Jaypee Infra resolution back to drawing board after banks reject NBCC plan

NCLAT calls stakeholders on July 17 to discuss NBCC plan again, says no other plan should be considered for now Aashish Aryan  |  New Delh

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NCLAT calls stakeholders on July 17 to discuss NBCC plan again, says no other plan should be considered for now

Aashish Aryan  |  New Delhi 

The insolvency resolution of Limited (JIL) is back to the drawing board after the National Company Law Appellate Tribunal (NCLAT) on Tuesday asked representatives of all stakeholders including banks, homebuyers and fixed deposit holders to restart discussions on the bid submitted by NBCC (India).

The NCLAT has called all the representatives for another round of discussion on July 17 after it was informed that the 13 banks, which are lenders to JIL, had rejected the plan submitted by NBCC and some homebuyers had abstained from voting.

On Tuesday, the Resolution Professional (RP) of JIL informed the NCLAT that of the total votes polled on NBCC’s plan, nearly 34.75 per cent of homebuyers had voted in favour, while 1.44 per cent had voted against. As much as 23.8 per cent of the homebuyers had abstained from the voting process, the RP of JIL told NCLAT. The homebuyers comprise of as much as 59 per cent of the Committee of Creditors (CoC) of JIL.

The 13 banks, which make up the other 40.75 per cent of the CoC, had all voted against NBCC’s bid for the company, the RP said. Voting on NBCC’s bid for JIL had started on May 31 and ended on June 10.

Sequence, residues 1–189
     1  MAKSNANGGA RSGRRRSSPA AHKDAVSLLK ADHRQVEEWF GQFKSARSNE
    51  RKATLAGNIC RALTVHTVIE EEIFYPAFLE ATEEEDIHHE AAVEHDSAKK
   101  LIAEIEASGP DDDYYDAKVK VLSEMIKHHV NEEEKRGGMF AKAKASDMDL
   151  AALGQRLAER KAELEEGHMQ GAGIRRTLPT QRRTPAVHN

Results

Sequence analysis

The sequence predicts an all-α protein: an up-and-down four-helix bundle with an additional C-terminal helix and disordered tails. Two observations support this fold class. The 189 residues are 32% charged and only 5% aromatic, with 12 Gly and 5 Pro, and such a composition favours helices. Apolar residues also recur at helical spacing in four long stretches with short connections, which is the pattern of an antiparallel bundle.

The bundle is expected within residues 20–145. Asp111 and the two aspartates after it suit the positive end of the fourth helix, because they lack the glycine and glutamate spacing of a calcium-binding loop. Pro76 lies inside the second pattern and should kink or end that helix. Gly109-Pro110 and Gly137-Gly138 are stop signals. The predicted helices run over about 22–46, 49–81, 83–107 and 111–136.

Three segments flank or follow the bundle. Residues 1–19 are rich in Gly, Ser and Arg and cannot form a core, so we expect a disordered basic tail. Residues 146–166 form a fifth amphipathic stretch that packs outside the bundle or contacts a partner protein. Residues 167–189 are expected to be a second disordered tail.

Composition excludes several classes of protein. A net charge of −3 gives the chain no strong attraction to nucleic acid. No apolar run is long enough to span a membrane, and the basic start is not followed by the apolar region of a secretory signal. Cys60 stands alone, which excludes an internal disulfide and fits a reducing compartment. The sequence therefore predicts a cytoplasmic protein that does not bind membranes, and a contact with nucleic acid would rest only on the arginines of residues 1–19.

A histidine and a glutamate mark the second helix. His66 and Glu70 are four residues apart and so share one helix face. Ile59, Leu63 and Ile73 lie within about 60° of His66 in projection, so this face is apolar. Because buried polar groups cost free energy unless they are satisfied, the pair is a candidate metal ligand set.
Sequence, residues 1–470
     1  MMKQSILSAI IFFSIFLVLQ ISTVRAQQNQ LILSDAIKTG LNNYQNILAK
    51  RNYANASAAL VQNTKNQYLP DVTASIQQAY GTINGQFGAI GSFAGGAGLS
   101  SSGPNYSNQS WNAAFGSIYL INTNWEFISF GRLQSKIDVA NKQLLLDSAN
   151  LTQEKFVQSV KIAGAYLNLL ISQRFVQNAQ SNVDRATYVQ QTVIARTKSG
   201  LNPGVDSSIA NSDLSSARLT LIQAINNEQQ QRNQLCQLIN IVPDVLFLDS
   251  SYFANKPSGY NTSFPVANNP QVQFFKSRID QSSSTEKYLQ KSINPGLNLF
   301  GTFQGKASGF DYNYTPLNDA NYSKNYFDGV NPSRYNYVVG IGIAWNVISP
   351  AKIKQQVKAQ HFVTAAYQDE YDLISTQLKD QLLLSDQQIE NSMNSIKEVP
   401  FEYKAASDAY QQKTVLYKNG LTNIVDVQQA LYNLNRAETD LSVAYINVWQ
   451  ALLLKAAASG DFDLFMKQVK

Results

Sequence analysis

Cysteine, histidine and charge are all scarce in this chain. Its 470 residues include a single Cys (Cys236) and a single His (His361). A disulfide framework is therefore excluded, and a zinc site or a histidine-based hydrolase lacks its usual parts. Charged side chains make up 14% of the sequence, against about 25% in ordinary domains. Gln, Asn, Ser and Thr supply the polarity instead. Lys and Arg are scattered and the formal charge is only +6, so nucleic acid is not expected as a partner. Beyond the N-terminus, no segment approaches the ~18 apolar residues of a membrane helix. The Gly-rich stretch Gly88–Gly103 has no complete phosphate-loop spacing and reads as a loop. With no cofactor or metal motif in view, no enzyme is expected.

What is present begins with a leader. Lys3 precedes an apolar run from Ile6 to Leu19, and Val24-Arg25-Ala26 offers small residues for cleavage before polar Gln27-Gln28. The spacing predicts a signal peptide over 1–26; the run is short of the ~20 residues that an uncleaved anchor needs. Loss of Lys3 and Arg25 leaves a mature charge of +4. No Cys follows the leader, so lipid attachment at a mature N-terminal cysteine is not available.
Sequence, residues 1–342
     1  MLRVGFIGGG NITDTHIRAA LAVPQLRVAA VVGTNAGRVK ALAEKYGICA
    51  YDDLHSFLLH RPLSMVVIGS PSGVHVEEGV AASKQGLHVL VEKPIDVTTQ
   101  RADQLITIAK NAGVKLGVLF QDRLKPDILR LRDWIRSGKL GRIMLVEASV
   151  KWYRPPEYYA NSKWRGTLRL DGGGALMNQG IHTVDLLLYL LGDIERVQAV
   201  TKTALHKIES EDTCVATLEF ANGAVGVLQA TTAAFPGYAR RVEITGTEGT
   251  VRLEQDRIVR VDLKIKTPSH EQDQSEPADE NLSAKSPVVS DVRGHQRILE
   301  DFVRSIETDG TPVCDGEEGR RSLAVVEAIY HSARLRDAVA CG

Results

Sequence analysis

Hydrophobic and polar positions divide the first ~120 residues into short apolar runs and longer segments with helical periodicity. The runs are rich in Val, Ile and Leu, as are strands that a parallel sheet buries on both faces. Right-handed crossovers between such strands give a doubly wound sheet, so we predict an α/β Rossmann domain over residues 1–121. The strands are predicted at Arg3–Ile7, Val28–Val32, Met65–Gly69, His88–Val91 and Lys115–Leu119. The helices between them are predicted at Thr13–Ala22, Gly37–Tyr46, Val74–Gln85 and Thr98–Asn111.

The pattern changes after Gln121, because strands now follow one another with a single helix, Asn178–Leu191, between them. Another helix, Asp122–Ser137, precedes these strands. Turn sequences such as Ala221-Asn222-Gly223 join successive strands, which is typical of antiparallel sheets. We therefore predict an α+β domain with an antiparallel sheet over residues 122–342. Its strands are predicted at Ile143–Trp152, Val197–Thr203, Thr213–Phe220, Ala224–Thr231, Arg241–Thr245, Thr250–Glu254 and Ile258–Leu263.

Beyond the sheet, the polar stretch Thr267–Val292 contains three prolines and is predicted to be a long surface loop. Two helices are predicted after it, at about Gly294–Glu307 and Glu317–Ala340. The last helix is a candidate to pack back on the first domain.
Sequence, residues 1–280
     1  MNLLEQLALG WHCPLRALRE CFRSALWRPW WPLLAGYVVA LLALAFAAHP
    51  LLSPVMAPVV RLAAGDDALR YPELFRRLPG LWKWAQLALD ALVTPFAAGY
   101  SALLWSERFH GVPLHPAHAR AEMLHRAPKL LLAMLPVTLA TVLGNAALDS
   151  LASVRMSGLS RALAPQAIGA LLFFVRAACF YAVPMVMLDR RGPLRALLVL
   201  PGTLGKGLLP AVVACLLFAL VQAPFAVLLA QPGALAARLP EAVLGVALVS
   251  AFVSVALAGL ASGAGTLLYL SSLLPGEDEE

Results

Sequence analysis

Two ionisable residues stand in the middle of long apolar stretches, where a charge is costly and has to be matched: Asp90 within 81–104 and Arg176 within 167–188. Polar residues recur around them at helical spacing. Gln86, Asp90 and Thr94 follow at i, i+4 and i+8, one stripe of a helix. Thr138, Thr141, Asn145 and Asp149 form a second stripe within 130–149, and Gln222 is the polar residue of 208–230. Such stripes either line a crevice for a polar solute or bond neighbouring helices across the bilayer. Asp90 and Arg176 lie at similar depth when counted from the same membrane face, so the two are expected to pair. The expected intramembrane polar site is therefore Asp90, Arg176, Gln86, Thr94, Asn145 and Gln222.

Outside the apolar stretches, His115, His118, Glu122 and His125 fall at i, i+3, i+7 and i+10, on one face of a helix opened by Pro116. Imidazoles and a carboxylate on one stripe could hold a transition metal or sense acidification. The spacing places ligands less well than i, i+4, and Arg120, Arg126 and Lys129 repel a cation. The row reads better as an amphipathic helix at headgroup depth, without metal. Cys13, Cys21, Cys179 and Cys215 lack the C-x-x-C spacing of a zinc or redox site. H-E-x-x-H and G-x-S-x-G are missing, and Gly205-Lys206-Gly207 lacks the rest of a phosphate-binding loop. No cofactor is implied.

On July 17, the NCLAT said it would hear the banks on the issues they had against NBCC’s plan and whether they could modify it appropriately so that it could meet the needs of all the stakeholders. It has asked the banks to nominate one high ranking officer from any one bank, who could represent all the 13 lenders of JIL.

The banks will also have to produce a gist of the resolution plan submitted by NBCC and objections they have with regard to it on the next date, the appellate tribunal said.

During the hearing on Tuesday, a three-member bench led by Chairperson Justice S J Mukhopadhaya also observed that only NBCC’s plan should be considered at this stage as it was “a government company and one could rely on it”. The observation by NCLAT came after the banks requested that the appellate tribunal should allow them to call for and consider other bids, including the one by Adani as it was offering more money and had promised to complete the pending projects of JIL in nine months.

The proposal however ticked off the NCLAT which observed that banks should not engage in “backdoor” negotiations with the Adani group. If the group had a good proposal to finish the project, it should file and intervention application and appear before the appellate tribunal, the three-member bench said. The Adani group, the appellate tribunal observed, does not have relevant experience in the infrastructure space and hence should not be considered at this stage.

Only if the resolution plan submitted by NBCC failed to make any headway despite NCLAT’s intervention, other plans including the one submitted by Adani would be considered, Justice Mukhopadhaya said.

NBCC, while bidding for JIL, had asked to be exempted from income tax liability as well as from taking consent of development authorities for transfer of businesses. It had also not agreed to change its proposal that lenders take unsold flats in case the state-owned firm fails to sell them in the market.

JIL was taken to the National Company Law Tribunal (NCLT) by an IDBI Bank-led consortium for failing to repay debt worth nearly Rs 24,000 crore. In the first round of insolvency proceedings conducted last year, the Rs 7,350-crore bid of Lakshdeep, part of Suraksha Group, was rejected by lenders. In October 2018, the RP of the company started a second round of bidding to revive JIL.

First Published: Tue, July 02 2019. 18:13 IST